Tell parents to try harder to be there for their teens says mom who lost her daughter to suicide


Almost one in ten teenage deaths in South Africa is caused by suicide, with depression being named as the cause in more than 90% of cases.

Depression is a treatable illness, and suicide a preventable tragedy.

To learn more about this, and about how to protect your child, read here

Mom Tania Jonker wrote to us, sharing her heartbreaking story, and urging parents to  try harder to be there for the children.

She writes:

"I am a mother of beautiful 20 year old Kayleigh, who committed suicide on 10/10/2019, ironically on World Mental Health Awareness Day.

She woke up and ended her life without any warning or consideration for her housemates, brother or me. She never said a word to anyone to allow them a chance to stop her.

By 7 am, she was dead.

My daughter was happy some days and unhappy other days. She never showed the warning signs of someone considering suicide. She was normal in her abnormal mannerisms.

We spoke about life issues, work issues and personal things she was going through. We spoke. I listened as best I could. I believe she spoke as best she could.

But I never once asked her, if she was considering suicide. I realise I was not seeing the signs.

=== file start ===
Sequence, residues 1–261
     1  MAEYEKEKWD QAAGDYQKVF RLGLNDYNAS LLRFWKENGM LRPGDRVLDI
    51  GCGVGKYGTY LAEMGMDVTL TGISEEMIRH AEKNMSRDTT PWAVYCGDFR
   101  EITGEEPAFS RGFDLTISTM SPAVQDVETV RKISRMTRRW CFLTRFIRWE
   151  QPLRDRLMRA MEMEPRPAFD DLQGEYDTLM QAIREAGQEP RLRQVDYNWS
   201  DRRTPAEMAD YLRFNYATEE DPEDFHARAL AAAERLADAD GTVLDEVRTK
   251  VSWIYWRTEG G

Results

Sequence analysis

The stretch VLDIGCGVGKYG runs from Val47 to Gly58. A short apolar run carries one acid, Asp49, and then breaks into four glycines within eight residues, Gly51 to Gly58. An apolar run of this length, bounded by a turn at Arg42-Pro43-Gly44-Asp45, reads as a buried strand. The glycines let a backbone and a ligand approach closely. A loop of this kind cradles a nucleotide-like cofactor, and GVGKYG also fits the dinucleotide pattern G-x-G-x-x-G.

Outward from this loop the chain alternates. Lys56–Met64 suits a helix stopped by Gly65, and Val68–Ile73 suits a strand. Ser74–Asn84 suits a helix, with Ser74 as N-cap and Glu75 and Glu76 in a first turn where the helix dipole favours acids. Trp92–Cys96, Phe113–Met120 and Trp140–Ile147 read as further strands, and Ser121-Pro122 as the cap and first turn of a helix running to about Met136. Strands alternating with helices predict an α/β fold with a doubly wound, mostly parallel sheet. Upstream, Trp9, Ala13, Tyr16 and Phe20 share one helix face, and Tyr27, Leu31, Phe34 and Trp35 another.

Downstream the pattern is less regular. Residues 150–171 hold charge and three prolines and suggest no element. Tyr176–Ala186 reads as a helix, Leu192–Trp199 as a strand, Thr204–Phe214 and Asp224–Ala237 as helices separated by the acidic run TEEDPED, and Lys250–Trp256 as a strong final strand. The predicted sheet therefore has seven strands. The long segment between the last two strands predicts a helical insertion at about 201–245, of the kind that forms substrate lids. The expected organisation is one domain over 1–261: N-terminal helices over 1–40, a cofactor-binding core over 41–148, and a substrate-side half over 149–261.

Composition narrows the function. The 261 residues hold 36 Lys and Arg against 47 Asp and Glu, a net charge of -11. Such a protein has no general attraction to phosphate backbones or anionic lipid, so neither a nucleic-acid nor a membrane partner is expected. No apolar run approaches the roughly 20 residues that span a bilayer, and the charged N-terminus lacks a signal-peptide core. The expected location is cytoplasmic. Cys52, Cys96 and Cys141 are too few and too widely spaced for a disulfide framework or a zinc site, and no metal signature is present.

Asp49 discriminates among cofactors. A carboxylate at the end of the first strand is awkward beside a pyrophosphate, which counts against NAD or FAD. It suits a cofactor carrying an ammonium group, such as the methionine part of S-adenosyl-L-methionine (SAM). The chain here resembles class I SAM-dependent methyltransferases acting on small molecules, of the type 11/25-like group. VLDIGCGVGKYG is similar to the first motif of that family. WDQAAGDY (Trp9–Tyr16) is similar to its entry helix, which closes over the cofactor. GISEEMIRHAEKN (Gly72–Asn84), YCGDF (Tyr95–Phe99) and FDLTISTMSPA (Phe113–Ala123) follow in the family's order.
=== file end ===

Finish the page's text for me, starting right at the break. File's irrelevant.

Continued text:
I sit now thinking back, scratching in every corner of my mind for the signs. 

What did I miss that could have saved my child?

Why did I not ask her the right questions?

Why did I not call my child more in what was apparently her time of need?

I went through my daughter's cellphone after she died, she never once tried calling any helpline for help. I cannot answer my questions. 

Days I cannot face the truth of my reality. I don't have my baby anymore.

I write a Facebook post every single day to memorise my daughter's face. I have lost her scent, I have lost her hugs, I have lost her love.

I have lost her future.

I fight to keep her memory alive. I write to share my grief, her existence and our failure to be there for her when she was in dire need of support.

Tell parents to try harder to be there for their teens.


I love Kayleigh"

Reach out

If you are not sure who to turn to, or feel your teen won't confide in anyone they know, or someone else you know is at risk, encourage them to reach out to the South African Depression and Anxiety Group (SADAG) or call 0800 567 567 or 0800 456 789 any day of the week to speak to a counsellor.

SADAG has trained counsellors available from 8am to 8pm, 7 days a week.

Chat back:

Share your story with us, and we could publish your mail. Anonymous contributions are welcome.

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